Schumer on Biden’s Budget: ‘The President's Proposal Does Have Pay-Fors in It That Balance the Budget’

By Julia Johnson | June 8, 2021 | 8:52pm EDT
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(Screen Capture)

(CNS News) - When asked if Congress would ever balance the budget given that President Joe Biden's budget proposal projects the federal government will run $14.5 trillion in cumulative deficits over the next 10 years, Senate Majority Leader Chuck Schumer (D-N.Y.) said Biden's plan has revenue generators ("pay-fors") in it that "balance the budget."

At the U.S. Capitol on Tuesday, CNS News asked Schumer: “President Biden has presented Congress with a budget that proposes running $14.5 trillion in deficits over the next decade. Will Congress ever balance the budget, yes or no?”

Schumer replied: “Well, the president's proposal does have pay-fors in it that balance the budget. Now, he wisely, in my opinion, had a 15-year stretch out of the pay-fors and only an 8-year of the spending. Because when your economy is in a hole as Covid has put us in, you need to get that money pumped into the economy.”

“I believe that he's doing the right thing,” added Schumer.

President Biden’s budget proposal includes a Table S-2 that is called “Effect of Budget Proposals on Projected Deficits.” It shows that the “baseline” cumulative deficit in fiscal years 2022 through 2031 is $13.176 trillion. By contrast, the “resulting deficits in the 2022 budget” for the fiscal years 2022 through 2031 are $14.531 trillion. In every one of those ten fiscal years, according to Table S-2, the annual deficit is more than $1.3 trillion.  In the last year, fiscal 2031, the annual deficit would be $1.568 trillion, according to Biden’s proposal.

President Biden’s budget proposal also includes a section on “Putting the Nation on a Fiscally Responsible Path.”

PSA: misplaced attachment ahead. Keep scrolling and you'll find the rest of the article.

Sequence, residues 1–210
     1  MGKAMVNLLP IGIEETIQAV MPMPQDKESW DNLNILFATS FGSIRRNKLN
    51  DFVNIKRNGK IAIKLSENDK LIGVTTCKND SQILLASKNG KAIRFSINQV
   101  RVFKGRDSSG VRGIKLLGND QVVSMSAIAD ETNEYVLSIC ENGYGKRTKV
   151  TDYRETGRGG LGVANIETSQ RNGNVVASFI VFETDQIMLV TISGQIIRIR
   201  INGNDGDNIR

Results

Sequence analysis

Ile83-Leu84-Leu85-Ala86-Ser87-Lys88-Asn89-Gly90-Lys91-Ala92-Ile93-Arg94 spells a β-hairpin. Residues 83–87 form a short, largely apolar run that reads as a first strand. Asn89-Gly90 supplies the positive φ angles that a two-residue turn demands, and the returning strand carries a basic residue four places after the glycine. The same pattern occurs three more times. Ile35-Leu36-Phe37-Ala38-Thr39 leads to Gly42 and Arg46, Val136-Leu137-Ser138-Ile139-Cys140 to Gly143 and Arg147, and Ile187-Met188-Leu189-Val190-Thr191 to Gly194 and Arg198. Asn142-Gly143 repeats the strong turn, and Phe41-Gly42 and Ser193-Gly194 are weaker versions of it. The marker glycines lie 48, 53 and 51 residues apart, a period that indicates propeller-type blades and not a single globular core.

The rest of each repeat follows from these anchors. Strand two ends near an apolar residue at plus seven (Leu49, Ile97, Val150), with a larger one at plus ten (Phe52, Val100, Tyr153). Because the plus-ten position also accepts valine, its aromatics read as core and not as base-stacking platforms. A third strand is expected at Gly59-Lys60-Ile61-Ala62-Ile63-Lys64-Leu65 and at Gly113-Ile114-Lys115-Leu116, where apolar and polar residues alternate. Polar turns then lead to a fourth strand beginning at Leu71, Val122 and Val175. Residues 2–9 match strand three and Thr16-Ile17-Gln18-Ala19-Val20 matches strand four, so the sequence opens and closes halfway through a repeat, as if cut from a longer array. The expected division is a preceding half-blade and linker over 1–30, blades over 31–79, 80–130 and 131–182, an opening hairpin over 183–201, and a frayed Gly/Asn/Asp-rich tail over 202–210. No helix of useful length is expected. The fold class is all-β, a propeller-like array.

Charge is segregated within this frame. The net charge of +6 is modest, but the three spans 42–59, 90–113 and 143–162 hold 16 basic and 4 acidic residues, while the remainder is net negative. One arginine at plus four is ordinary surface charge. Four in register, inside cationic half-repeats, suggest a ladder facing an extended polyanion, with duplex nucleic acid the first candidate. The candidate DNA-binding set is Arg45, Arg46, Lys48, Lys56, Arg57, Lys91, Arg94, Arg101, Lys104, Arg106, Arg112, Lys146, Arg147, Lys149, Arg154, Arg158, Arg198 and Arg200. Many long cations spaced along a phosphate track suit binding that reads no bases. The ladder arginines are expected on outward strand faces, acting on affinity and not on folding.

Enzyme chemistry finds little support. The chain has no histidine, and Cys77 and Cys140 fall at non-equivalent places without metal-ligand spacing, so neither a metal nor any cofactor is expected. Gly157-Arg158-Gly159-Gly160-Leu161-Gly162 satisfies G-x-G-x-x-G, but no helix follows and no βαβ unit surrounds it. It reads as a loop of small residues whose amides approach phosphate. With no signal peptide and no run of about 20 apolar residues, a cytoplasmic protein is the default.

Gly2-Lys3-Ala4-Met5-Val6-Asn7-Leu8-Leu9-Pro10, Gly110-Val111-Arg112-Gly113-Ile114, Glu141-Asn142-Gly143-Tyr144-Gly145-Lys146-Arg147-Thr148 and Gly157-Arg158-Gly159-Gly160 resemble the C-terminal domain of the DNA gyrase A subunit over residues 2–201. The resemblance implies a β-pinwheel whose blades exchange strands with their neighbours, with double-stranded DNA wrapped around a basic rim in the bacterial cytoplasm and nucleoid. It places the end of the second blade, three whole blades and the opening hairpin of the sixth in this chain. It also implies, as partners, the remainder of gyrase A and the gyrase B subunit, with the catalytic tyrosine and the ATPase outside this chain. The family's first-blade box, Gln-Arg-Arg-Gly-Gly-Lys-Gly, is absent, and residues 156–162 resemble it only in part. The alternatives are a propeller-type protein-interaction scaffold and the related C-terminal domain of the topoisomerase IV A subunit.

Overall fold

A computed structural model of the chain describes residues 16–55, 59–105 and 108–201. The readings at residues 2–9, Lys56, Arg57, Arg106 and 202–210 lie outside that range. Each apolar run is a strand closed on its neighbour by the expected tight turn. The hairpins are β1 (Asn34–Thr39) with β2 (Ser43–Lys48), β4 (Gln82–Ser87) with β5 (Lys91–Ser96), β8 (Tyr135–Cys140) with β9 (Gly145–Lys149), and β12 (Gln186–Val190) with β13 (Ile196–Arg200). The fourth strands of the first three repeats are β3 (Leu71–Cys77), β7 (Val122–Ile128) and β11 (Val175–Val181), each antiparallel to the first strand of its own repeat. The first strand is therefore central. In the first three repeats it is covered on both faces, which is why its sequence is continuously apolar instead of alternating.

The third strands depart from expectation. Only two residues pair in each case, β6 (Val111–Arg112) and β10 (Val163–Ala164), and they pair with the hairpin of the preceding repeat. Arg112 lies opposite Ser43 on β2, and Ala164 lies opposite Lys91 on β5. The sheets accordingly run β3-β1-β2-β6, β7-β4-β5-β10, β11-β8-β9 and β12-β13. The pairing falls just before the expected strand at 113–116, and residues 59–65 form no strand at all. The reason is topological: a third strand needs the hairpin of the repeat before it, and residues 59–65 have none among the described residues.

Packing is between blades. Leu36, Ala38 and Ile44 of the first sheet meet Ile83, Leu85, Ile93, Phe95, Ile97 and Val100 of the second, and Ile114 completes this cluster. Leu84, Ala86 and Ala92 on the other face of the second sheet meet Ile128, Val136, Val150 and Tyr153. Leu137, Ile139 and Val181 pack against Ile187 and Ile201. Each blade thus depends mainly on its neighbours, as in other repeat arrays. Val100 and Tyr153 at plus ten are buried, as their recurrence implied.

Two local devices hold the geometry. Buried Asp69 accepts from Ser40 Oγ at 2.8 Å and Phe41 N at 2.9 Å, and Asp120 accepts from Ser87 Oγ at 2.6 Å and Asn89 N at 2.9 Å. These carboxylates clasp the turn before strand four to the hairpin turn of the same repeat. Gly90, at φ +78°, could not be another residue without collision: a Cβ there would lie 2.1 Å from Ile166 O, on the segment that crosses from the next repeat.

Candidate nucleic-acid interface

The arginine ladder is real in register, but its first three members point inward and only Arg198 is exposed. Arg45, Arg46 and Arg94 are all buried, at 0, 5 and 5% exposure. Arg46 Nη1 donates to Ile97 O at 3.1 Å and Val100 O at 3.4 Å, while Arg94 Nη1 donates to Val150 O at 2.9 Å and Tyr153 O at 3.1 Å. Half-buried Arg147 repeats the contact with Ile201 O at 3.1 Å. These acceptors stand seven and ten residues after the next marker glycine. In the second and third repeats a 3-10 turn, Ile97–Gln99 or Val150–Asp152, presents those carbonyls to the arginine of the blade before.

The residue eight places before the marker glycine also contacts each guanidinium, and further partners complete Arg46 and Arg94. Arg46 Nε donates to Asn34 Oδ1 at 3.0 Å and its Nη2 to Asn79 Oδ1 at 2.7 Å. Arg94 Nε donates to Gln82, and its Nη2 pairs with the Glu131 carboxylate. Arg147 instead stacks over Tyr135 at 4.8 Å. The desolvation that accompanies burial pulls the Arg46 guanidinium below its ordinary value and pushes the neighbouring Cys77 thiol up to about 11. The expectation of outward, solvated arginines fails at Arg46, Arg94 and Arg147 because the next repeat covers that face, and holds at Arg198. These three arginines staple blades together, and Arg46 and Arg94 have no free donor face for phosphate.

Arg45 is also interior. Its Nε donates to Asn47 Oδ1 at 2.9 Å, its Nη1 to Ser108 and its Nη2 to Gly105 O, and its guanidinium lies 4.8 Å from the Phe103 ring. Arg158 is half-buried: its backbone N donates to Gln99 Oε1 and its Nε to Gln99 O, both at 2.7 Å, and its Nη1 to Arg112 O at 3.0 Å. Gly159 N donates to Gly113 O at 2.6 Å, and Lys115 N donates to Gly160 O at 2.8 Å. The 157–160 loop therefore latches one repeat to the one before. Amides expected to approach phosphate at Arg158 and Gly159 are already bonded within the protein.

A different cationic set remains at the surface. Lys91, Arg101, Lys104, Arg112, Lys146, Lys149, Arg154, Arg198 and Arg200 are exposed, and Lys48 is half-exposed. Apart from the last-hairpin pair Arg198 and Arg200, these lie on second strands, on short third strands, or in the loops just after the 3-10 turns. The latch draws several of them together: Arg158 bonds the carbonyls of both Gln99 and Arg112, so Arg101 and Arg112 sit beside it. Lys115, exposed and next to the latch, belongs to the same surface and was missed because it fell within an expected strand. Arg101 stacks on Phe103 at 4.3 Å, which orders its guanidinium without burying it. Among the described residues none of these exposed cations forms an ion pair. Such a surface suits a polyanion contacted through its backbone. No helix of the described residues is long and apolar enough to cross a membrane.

“Over the long term, the United States does face fiscal challenges, driven principally by underlying demographic pressures on health and retirement programs and inadequate revenue levels,” it says. “There is also uncertainty about the interest rate outlook. The Budget’s proposals prudently address these future challenges by making sure that new proposals are not only fully offset, but reduce deficits in the long run and improve the long-term fiscal outlook.

“The Budget achieves this through reforms in the tax system,” says the Biden proposal.

“Over time, the savings from these reforms would exceed the cost of the investments, and by large and growing amounts,” says Biden’s proposal. “The American Jobs Plan and American Families Plan together are paid for over 15 years. The full set of proposals in the Budget reduce the annual deficit by the end of the 10-year budget window and every year thereafter. In the second decade, the Budget’s proposals reduce deficits by over $2 trillion.

“A Budget that added to long-term deficits would worsen fiscal health, while a Budget that reduced deficits today by underinvesting in the American people would result in slower, more stratified growth that would cause more damage than one that invests appropriately,” says Biden’s proposal. “The Budget responsibly balances these needs and risks by charting an economically and fiscally sound course for the near term and the long term.”

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